Interview with Cosey about Jonathan 17: click here
This is the end
The previous Jonathan album, ‘Celle qui fut’, was announced as the final Jonathan album, the album that would close the loop from the first album to the last and back. However, Cosey was not satisfied with the way it ended.
Re-reading the text he wrote for the Journal Tintin in 1975 to introduce Jonathan (a text that is reprinted at the start of ‘La Piste de Yéshé’) gave him an idea for a conclusion that fitted better to the character of Jonathan and the character of the series.
A double ending
This 17th album of Jonathan has a vintage Cosey ending: an epilogue. It is not explicitly named ‘Epilogue’, but the story of the album seems to be finished, and then Cosey adds three pages – almost without text – that give the album (and the series) a conclusion with an emotional knock-out (forgive me for using this word, but I am a fan).
Epilogues – whether explicitly named or not – are a hallmark of Cosey’s storytelling.
‘A la recherche de Peter Pan’ has the first of Cosey’s epilogues. The alpine story has ended dramatically with an avalanche and we see Melvin Woodworth walking from the scene of disaster, lonely and sad. We turn the page… and we are met with three happy pages, brightly coloured. Cosey blows some light air to us readers and we can close the album, relieved at the happy end.
The end of ‘Le voyage en Italie’ works the other way around. After the word ‘Fin’, the story continues for almost two pages with one of the unhappiest endings Cosey ever wrote. On top of a story that ends sadly, Cosey adds a layer of extra sadness – a possible happy end that goes wrong.
The last ten pages or so of ‘Le Bouddha d’Azur’, to me, have always felt like an epilogue. The character, the tempo and tone of these pages are very different from the Tibetan story. Here also, Cosey reassures us: the Tibetan story ended in drama and loneliness, the american epilogue shows that all ends well and, miraculously, Gifford and Lhahl find each other.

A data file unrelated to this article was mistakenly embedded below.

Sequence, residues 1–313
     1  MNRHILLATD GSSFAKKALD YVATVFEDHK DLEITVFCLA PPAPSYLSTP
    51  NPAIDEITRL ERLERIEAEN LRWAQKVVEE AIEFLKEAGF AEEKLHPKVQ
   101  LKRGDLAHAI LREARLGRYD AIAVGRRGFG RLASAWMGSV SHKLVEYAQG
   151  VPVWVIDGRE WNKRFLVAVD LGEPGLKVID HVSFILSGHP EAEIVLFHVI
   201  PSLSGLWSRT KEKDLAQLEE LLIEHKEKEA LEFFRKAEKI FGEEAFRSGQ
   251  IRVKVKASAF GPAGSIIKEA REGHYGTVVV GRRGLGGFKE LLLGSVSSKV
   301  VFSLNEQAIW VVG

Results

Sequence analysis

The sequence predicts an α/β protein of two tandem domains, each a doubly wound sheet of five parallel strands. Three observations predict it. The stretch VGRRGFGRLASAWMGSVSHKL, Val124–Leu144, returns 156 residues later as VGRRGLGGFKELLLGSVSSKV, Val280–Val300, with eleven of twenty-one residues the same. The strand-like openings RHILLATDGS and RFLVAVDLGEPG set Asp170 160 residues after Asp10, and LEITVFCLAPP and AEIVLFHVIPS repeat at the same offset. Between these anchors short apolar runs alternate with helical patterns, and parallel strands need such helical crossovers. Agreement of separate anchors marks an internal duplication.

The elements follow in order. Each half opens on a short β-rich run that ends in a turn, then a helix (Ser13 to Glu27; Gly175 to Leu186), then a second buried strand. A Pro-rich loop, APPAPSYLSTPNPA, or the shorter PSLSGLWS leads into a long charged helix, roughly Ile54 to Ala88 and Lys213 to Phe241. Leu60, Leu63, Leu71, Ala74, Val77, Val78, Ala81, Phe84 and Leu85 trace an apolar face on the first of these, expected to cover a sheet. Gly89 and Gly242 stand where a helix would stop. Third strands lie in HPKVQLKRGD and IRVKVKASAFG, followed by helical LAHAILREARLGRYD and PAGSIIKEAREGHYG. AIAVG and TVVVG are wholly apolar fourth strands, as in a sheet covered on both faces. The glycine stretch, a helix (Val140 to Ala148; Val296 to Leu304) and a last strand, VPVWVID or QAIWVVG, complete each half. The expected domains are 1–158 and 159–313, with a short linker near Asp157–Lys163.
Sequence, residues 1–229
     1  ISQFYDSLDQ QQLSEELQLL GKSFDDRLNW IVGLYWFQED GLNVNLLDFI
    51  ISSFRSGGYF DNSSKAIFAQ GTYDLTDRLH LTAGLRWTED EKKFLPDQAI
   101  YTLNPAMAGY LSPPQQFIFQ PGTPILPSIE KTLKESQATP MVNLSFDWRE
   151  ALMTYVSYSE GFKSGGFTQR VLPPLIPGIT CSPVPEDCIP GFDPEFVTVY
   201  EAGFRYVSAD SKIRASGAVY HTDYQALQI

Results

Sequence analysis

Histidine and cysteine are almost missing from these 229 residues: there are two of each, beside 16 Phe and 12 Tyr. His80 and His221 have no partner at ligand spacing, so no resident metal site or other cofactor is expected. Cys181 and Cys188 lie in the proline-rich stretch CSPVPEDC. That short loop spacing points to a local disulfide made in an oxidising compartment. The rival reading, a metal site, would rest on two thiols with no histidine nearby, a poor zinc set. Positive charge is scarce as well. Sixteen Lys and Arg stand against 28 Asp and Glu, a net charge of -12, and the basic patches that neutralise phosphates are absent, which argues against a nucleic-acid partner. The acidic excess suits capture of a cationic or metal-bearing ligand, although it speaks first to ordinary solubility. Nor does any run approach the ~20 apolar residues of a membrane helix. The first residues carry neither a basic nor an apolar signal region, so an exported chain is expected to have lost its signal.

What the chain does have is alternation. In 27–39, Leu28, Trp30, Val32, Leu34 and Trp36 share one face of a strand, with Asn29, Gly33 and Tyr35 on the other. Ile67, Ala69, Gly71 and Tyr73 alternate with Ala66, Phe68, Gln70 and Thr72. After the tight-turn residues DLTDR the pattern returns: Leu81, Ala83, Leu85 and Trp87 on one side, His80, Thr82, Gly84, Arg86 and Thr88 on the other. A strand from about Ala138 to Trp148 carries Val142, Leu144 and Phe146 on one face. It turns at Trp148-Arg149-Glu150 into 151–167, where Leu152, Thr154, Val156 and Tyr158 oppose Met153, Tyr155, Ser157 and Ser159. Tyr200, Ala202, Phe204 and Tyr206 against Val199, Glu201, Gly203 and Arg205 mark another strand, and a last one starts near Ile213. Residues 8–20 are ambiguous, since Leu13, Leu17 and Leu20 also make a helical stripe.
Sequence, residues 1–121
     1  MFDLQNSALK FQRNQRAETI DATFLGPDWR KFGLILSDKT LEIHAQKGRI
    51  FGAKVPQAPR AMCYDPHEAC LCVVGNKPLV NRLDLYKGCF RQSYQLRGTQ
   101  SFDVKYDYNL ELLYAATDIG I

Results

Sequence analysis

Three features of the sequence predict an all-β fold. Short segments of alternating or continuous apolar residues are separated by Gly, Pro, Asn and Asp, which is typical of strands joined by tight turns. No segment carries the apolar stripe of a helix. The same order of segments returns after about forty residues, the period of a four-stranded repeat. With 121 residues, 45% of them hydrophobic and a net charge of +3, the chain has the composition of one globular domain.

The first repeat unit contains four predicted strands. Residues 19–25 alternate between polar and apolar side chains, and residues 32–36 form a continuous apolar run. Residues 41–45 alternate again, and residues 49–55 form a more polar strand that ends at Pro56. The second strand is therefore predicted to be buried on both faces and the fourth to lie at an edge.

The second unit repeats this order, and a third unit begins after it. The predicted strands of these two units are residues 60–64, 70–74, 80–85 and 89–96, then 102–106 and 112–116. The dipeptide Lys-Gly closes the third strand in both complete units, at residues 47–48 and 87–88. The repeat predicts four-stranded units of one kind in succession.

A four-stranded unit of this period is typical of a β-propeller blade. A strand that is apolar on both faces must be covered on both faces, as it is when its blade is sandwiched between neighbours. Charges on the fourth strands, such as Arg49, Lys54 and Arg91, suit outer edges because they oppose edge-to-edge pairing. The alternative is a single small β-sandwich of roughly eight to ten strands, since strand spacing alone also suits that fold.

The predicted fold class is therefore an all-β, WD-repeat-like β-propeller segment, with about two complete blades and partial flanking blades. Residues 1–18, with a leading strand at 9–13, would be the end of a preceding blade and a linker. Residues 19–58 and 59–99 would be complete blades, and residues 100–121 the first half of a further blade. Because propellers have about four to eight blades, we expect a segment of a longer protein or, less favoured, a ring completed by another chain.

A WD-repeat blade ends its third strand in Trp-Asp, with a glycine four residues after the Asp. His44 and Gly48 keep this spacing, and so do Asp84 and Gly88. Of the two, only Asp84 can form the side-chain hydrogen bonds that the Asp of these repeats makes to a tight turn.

Cosey also adds a happy epilogue in ‘Minnie – Le secret de Tante Miranda’. In this case, a happy end is followed by a happy epilogue (and after that, a receipe for a cake). Can you end a story on a higher note?
Back to this 17th Jonathan album.
In his introductory text of 1975, Cosey presents Jonathan as a boyhood friend who left for the Kilimandjaro, but ended up in Tibet. Jonathan is presented as a real person, who keeps Cosey updated about his adventures. At the end of ‘La Piste de Yéshé’, Cosey (‘C.’) talks to us readers directly – telling us that he wrote the stories of Jonathan based on the notebooks Jonathan sent him and filling in the blank spots with his imagination (like a comics reader fills up the blank spots between the images?).
A good ending in itself, but then Cosey adds these three extra pages that finally bring creator and creation together – a homecoming that needs no words.
How to end a comics series?
It is not given to many comics authors to end their series in a way and at a time of their own choosing.